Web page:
I keep mentally arguing with that woman Douglas2/Unknown referred to in his comment under Transcending One's Era, he had known who believed that any use of the word "man" to mean "human," not only in our era, but in previous generations, signified a person who was intentionally excluding women from his formulation as unimportant. He noted what an effective insulator this was against listening to what anyone writing before last Tuesday had to say.
When properly applied, teaching that dogma is as effective as burning the library of Alexandria -- the best knowledge of those who preceded us is effectively lost, even if the books and words are still right there in front of us.
Hers is an extreme example of what many others fall into that is not only bad linguistics, but in the end, bad thinking. I had a woman tell me once that she wanted to get Noah Webster's 1828 Dictionary for her homeschooled children so that they would be able to look up what a word "really" means. For all of us, what a word "really" means is how we use it, and this will be close to two concepts: what our current group of communications understands as the meaning, intersecting with what we were taught in school and early adulthood is proper usage. That latter includes its own difficulties. I started school over 60 years ago, was taught by older teachers, in New England, with heavy influence of older well-read women who were conscious of their immigrant background and the importance of proper speech to rise in American intellectual society. That idea of "proper" English thus carries a lot of baggage that is 150 years old, not to mention regional bias.
A favorite example I have used before: If you were to go to some distant tribe to learn their language and make a dictionary of it, taking a full year and trying to be thorough, you would eventually be directed to a remote group, possibly older, who spoke what some would call a "pure" form of the language and others would call an "old-fashioned" version. Some of the mainstream people might even have grown up among them and regard them fondly. So you would innocently go to speak to these people, armed with your near-complete notes, ready for publication. But a couple of old guys and old wives would tell you that your dictionary is wrong, and they would tell you why "Anca doesn't really mean cart, but the wheels on the cart, because it comes from the word anga, meaning 'axle.' That new slang term of calling a cart anca comes from the Teoni people downstream who say it that way. That's not a proper was to say 'cart' in our language." You would nod politely, reflect on this interesting aspect of language change, and ignore their input entirely. What the word means is what the four thousand people in the villages understand it to mean, not what some relics who are kicking off soon think.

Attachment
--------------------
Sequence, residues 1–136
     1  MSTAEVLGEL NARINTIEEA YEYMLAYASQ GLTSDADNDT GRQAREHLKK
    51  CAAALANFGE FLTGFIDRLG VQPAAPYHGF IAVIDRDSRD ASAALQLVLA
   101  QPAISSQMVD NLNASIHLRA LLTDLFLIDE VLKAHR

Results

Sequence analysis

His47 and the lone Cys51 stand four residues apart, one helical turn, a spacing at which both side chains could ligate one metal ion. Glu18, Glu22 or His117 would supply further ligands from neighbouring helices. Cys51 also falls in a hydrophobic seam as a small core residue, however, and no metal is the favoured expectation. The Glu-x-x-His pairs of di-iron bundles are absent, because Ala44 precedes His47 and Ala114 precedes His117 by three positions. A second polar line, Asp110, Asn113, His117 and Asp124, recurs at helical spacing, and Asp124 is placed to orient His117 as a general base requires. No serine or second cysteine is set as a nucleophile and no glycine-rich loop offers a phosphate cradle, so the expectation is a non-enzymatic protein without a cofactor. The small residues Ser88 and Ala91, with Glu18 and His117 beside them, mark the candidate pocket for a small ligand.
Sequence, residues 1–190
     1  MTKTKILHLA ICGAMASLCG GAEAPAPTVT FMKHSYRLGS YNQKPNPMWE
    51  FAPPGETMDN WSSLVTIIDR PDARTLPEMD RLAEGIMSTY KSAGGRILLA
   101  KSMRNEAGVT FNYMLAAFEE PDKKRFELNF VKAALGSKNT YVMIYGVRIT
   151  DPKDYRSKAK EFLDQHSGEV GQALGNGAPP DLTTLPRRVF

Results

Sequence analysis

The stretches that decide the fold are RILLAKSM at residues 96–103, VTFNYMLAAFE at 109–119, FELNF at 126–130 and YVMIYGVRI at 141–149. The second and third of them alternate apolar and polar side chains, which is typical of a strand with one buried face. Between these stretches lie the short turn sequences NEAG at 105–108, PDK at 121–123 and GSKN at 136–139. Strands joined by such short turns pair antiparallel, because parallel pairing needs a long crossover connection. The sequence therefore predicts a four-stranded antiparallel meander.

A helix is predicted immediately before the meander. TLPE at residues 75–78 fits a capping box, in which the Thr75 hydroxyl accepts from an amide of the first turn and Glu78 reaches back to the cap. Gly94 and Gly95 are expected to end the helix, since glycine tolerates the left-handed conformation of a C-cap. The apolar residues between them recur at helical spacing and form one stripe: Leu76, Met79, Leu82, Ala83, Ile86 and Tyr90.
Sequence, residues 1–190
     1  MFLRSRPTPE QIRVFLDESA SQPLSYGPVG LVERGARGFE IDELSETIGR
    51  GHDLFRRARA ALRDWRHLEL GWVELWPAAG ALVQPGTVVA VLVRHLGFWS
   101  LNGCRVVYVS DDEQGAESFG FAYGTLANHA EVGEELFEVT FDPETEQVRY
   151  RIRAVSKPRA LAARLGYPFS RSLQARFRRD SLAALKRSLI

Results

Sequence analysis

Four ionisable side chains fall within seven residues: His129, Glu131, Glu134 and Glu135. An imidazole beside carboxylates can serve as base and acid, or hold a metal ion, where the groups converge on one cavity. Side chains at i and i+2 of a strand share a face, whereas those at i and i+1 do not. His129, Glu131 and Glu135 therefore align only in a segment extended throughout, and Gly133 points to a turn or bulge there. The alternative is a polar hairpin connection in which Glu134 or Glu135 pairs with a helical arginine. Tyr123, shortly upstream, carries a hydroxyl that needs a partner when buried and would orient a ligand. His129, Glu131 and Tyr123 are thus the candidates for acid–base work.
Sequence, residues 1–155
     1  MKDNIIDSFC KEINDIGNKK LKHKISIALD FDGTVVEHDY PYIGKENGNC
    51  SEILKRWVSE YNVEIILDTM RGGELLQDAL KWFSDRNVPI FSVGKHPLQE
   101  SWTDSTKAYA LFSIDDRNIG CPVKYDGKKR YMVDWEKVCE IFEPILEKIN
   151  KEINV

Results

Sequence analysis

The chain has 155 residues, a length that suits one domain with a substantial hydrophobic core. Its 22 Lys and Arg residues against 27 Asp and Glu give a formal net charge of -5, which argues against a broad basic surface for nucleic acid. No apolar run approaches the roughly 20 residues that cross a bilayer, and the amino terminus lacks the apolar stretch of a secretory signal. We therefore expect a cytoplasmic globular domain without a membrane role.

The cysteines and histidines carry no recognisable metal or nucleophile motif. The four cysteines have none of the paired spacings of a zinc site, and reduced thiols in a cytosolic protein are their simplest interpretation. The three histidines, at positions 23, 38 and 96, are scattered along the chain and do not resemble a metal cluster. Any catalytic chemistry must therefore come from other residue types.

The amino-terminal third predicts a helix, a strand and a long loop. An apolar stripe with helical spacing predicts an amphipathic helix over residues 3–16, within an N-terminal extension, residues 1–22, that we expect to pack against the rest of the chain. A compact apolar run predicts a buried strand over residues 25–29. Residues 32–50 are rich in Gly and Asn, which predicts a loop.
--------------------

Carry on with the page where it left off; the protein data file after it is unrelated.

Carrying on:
So too with us. Language changes underneath us at all times. I am personally in favor of retaining older usages as long as possible, to keep them current so that current children can understand what previous generations meant with as little difficulty as possible. I am reading The Fellowship of the Ring to my 13 y/o granddaughter and occasionally have to explain a word, though I minimise this in order to maintain the narrative flow.
A word in a document "really" means what it meant to the community that received it, or even what the author thought it meant to that community. That is usually an unnecessary refinement of the definition, but occasionally matters. What the word has morphed into since that time is interesting, and may shed some light on the meaning, but is largely irrelevant. This works in reverse as well. What a word now means is what the community of hearers understands it to mean. What it used to mean, or what we think it "should" mean, might be misleading. Most frequently, a meaning will be added to a word, sometimes humorously, sometimes with angry political meaning, sometime invisibly, which older speakers will declare "doesn't mean that." Racism has acquired new meanings. It is wise to recognise that when attempting to understand others. However, that does not mean the older meaning has been destroyed. That collection of sounds used to have one meaning, now it has two, and you are well within your rights to use the term as you see fit. Just know your audience. You may have to say "I am using fantastic in the older sense because it captures my shadings of meaning more exactly." And it is fair to say that "the newer usages of marginalised and racist aren't that helpful." The newer version doesn't get to be what the word "really" means either.
Update: My understanding is that Antonin Scalia was and Clarence Thomas is very sticky about this. What the meaning of a word or phrase at the time it was written into the Constitution (or an Amendment) is key. The meanings the words took on later, even meanings that lawyers subsequently settled on in the 19th C, are distractions. I have read arguments that some strict constructionists actually aren't, following language myths and preferred understandings of today, but I don't think that holds against those two justices.